There’s emergency hospital visits at 4 am. There’s medicines you’ve never even heard of that you need to know how to pronounce and calculate. There’s sleepless nights and with each passing day there’s always that undetermined road yawning out before you. Through those realizations it’s clearly obvious that I am nowhere near equipped to write an article on children with special needs. I tried to cram thoughts or questions into a model of living I’ve never lived, and it didn’t work, there was no way my words could minister to anyone whose life was more intimately affected by such a special circumstance. So I went back to the drawing board, or writing desk, if you will. I started asking myself questions I wanted to answer through my words, and I ended with; how has the Lord revealed His character to me through my interaction with individuals with special needs? Not being a parent, I have been an advocate, and a friend; and through my interactions God has shown me that His mercies are evident in the unlikeliest of places.
He will make the lame to leap
In the summer of 2010 I headed up a “beautification project” at a group home for adults with special needs. I worked quietly side by side with a gentleman who was 70 or so. He couldn’t speak or hear, he couldn’t tell me his story and I couldn’t tell him mine. But as we finished raking our section of the yard and he beamed a toothless grin of joy at me holding up his rake with his only arm that had the ability to move, I could hear our Father saying; that’s my beautiful child and I knew him before I laid the foundations of the earth! As the day came to a close and a young lady with Autism and a middle-aged man with Down Syndrome played horseshoes together, I could hear our Father saying; I knit them together, they are beautifully and wonderfully made.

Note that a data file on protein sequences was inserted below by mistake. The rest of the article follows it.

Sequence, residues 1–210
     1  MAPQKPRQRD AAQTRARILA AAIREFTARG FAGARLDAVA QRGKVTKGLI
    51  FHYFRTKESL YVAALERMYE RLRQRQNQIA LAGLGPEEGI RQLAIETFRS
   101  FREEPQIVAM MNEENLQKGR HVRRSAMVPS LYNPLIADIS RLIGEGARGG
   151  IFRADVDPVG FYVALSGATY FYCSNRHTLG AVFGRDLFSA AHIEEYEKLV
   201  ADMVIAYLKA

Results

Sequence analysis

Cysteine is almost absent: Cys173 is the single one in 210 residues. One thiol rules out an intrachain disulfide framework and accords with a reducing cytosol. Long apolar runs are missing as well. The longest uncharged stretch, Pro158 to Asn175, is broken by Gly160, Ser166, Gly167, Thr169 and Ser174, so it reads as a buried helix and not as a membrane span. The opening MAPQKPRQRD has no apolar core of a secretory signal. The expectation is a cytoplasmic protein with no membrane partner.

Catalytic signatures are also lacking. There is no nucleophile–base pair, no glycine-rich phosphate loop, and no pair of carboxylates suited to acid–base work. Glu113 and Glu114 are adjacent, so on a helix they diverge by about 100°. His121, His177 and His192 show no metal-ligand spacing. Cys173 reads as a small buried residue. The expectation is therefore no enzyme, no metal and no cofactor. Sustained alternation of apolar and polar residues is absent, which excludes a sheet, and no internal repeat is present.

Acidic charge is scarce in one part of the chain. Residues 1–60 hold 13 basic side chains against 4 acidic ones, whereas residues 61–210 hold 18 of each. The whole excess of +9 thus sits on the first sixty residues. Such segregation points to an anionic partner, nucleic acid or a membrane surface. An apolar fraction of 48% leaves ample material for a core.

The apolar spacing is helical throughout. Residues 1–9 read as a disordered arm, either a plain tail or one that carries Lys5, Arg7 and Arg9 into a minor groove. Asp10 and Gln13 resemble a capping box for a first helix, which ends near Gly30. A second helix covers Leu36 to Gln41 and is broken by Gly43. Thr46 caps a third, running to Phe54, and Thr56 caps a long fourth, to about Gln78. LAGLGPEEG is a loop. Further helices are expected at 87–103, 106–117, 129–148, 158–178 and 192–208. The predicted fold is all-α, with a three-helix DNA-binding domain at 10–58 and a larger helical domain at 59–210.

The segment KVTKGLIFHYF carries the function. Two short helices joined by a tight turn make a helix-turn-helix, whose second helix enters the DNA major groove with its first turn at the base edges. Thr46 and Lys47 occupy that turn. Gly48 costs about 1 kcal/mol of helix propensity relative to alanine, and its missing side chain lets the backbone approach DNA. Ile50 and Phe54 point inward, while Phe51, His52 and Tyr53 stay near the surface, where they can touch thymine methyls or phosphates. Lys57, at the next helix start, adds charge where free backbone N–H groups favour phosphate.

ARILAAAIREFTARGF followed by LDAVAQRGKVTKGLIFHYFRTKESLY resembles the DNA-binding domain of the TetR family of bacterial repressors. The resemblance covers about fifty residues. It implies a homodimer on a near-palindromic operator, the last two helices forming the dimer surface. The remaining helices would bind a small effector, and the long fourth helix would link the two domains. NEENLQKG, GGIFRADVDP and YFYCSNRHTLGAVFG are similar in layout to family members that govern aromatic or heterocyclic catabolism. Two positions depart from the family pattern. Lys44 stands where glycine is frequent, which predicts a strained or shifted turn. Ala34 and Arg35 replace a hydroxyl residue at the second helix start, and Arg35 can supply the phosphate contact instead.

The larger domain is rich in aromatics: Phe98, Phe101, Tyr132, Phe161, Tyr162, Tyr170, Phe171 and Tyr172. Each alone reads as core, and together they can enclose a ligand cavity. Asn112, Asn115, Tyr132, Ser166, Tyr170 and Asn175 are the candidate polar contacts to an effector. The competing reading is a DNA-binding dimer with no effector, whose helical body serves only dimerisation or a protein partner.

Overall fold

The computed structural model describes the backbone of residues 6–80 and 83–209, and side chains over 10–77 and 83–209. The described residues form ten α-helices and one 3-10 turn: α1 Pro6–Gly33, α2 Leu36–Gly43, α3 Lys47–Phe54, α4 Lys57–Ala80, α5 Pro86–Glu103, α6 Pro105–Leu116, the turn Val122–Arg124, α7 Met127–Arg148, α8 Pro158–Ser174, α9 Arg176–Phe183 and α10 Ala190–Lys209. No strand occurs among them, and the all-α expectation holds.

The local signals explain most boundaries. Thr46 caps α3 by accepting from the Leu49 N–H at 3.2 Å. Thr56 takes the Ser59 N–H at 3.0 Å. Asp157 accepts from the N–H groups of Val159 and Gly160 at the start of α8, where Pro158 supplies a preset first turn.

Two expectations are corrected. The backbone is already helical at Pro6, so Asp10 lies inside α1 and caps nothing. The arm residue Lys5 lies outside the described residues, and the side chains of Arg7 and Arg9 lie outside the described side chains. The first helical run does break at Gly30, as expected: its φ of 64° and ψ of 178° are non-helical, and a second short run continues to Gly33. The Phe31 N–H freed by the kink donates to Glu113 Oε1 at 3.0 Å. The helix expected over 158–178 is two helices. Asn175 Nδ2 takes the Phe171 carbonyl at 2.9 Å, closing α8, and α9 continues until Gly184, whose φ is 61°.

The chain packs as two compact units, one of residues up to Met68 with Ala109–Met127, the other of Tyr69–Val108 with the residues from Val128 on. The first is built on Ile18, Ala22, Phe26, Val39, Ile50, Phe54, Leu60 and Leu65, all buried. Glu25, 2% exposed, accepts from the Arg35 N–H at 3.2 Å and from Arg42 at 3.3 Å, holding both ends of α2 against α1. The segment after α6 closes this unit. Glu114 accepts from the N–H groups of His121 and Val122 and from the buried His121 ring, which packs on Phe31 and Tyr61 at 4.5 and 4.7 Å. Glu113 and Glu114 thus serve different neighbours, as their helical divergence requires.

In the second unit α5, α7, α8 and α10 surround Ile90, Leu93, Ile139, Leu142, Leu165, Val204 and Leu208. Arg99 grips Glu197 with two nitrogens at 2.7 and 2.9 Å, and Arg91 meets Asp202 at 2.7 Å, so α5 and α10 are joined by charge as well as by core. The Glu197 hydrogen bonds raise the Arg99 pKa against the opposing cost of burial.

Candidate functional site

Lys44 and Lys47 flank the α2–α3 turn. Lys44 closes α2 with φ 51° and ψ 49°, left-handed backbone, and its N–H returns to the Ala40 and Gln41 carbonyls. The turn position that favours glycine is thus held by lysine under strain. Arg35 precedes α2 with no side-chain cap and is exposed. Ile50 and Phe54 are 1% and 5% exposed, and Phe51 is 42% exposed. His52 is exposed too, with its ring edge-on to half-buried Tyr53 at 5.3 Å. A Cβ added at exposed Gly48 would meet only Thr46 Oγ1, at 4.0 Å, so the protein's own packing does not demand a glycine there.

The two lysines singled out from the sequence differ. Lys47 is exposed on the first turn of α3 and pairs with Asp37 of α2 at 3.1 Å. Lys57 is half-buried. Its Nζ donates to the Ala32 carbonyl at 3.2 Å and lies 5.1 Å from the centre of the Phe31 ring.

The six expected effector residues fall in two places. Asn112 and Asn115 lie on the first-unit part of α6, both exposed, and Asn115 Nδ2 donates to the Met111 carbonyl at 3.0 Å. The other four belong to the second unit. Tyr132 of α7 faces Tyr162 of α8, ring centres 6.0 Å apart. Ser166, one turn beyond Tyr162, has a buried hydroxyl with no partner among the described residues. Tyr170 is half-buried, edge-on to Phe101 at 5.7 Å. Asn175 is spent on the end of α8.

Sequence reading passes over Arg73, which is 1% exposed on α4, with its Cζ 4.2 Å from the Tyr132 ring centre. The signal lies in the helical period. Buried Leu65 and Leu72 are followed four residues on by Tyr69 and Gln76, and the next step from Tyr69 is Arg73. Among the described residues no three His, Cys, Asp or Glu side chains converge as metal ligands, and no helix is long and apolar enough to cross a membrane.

He will make the Deaf to hear
My older sister Cassia Maguire, is fluent in ASL or American Sign Language. Fascinated by the idea of learning a language she could speak with her hands she chose to make Deaf Education and Special Education her college majors. It was during college that she became friends with Jane, a young woman who was hard of hearing. Their friendship was based on the fact that they could talk to each other, but it flourished because they both had a quirky sense of humor and unique personalities. Cassia sees nothing different in the hearing aids Jane has on her ears than the braces I have on my teeth! My sister sees nothing different in her friendship with Jane than a friendship I have with someone who is Danish; you just need to know a different language to say I love you. My sister captured it beautifully when she said: “People with disabilities sometimes may look like they can’t communicate, but that doesn’t mean there isn’t someone on the inside who wants to. More often than not they can, we just don’t know how to listen.” I see their friendship and I hear our Father saying; those are my daughters, and I knew them before I laid the foundations of the earth! I see fingers fly rapidly through conversations and I’m certain God is listening in to the incredible story He’s written.